I mentioned in my opening remarks that Paisley was robbed of the city of culture award, and it should be warming up to embark on its 2021 programme with the ninth year of the Spree festival, an extremely popular and growing celebration of music, arts and comedy, which should have kicked off this very Thursday. Sadly, it is just another event that has been cancelled because of the pandemic. It is fair to say that the bid itself will leave a legacy in the town for years to come, with £22 million being spent on plans to preserve Paisley town hall’s place at the heart of life in the area and turn it into a landmark performance venue, and £42 million on the transformation of Paisley museum into an international-class destination telling the story of the town’s pattern, heritage and people. I very much look forward to those great venues reopening, but I sincerely hope that, when they do, Renfrewshire will not have lost many of its grassroots and small venues, for that would amount to a pyrrhic legacy.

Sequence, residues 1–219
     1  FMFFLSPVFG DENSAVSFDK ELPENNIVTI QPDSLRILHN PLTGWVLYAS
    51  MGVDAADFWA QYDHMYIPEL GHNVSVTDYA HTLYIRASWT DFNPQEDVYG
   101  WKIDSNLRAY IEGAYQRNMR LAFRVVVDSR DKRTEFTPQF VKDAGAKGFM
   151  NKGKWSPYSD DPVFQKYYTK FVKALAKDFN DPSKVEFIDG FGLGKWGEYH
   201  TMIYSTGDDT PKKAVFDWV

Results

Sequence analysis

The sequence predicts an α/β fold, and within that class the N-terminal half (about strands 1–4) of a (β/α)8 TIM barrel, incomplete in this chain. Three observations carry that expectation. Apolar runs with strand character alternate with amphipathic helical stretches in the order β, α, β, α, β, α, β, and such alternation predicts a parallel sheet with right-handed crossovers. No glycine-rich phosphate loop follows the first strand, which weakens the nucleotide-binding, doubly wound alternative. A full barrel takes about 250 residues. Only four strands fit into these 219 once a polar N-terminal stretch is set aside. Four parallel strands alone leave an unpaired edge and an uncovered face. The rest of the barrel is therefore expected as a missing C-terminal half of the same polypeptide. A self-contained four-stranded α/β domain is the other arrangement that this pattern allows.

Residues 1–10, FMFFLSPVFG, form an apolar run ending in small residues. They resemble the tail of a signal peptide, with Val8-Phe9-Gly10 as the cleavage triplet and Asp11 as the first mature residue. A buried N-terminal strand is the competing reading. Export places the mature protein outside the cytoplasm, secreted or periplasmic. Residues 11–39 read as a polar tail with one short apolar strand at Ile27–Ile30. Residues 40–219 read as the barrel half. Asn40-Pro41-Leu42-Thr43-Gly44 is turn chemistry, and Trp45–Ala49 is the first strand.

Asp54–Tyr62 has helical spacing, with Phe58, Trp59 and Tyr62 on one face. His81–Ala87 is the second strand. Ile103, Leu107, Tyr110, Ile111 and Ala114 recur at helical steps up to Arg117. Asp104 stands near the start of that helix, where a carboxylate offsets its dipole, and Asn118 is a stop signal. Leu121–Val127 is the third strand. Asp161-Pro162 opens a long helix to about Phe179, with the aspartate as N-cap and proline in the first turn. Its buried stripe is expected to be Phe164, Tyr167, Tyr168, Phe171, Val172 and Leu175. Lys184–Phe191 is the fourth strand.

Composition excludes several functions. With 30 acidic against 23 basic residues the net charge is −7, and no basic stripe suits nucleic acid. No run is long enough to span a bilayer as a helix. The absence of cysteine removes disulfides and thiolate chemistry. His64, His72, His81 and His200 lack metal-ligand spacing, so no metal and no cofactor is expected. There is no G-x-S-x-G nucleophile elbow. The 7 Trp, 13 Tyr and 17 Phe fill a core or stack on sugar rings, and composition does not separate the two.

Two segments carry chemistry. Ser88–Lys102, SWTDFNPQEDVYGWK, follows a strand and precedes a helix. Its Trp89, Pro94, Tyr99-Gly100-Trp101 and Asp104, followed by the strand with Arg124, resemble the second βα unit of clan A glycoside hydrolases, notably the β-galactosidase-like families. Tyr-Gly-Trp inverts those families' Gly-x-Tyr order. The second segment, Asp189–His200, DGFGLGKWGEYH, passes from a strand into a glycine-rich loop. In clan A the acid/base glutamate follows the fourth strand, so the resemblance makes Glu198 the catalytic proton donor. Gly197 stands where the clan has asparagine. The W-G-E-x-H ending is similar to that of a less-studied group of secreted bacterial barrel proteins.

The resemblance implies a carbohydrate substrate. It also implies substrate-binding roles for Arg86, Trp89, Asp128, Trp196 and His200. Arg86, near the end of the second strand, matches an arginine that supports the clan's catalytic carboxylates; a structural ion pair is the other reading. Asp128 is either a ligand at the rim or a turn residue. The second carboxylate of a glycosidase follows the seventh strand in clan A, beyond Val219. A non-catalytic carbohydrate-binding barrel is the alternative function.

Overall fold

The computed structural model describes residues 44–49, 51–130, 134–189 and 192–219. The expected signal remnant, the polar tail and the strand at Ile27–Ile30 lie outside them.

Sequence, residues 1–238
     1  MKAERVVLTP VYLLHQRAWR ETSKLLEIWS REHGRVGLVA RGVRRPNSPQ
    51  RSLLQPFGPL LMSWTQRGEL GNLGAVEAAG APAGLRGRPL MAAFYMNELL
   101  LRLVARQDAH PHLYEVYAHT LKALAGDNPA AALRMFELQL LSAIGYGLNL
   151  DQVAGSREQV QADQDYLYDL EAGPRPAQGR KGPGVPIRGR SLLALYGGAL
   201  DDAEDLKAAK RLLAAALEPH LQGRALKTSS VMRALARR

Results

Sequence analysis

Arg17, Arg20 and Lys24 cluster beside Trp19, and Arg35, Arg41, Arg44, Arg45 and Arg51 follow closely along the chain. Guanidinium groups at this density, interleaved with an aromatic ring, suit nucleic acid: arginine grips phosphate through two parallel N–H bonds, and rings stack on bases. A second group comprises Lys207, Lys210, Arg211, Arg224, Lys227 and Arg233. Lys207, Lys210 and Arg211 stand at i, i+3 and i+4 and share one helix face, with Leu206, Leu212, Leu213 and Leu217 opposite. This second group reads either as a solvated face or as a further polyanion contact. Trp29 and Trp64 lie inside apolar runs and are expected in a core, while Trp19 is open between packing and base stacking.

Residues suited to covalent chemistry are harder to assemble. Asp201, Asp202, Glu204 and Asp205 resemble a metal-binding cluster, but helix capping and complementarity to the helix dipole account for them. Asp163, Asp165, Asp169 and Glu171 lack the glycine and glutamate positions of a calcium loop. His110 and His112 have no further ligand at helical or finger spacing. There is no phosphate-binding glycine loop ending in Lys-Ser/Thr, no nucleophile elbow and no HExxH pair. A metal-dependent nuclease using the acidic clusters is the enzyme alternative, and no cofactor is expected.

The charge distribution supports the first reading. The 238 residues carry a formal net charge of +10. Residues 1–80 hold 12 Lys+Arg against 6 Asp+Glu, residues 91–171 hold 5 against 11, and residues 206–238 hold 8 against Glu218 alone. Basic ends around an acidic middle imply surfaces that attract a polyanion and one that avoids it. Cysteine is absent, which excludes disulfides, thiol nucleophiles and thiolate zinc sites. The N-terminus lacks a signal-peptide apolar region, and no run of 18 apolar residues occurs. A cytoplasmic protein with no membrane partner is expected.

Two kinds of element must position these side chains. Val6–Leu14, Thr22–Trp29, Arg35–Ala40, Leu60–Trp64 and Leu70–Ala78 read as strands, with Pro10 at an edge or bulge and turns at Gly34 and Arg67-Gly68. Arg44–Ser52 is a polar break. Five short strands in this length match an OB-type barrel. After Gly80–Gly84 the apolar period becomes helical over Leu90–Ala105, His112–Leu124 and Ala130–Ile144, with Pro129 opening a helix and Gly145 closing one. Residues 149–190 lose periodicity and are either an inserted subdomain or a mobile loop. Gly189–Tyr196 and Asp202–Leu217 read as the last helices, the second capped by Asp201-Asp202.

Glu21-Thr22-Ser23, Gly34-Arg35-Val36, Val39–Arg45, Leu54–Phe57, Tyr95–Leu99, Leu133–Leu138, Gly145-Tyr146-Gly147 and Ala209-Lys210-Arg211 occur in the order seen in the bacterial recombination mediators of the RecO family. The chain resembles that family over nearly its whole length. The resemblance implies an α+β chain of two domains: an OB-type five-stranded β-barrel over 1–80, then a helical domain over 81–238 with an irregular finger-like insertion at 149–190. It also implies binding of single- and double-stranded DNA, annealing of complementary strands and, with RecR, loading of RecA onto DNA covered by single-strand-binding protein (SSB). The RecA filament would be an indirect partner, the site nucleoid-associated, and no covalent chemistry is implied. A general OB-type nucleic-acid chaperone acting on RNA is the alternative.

The SNP Scottish Government have supported the Scottish creative industries, but would like to do more. To do so, they need the financial powers and funding. The UK Government have tools at their disposal. As others have mooted, they could extend the 5% cultural VAT rate on tickets, in line with the recommendations of the Select Committee on Digital, Culture, Media and Sport. They could also provide a Government-backed insurance scheme to provide the music industry with the necessary confidence to reopen. Whatever they choose to do to support reopening they need to act now to deliver fuller support for those vital businesses, so that the Scottish Government can use the consequentials to support the Scottish creative and cultural industry. The UK Government must act now, or the damage of collapsed businesses and lost talent may be irreparable.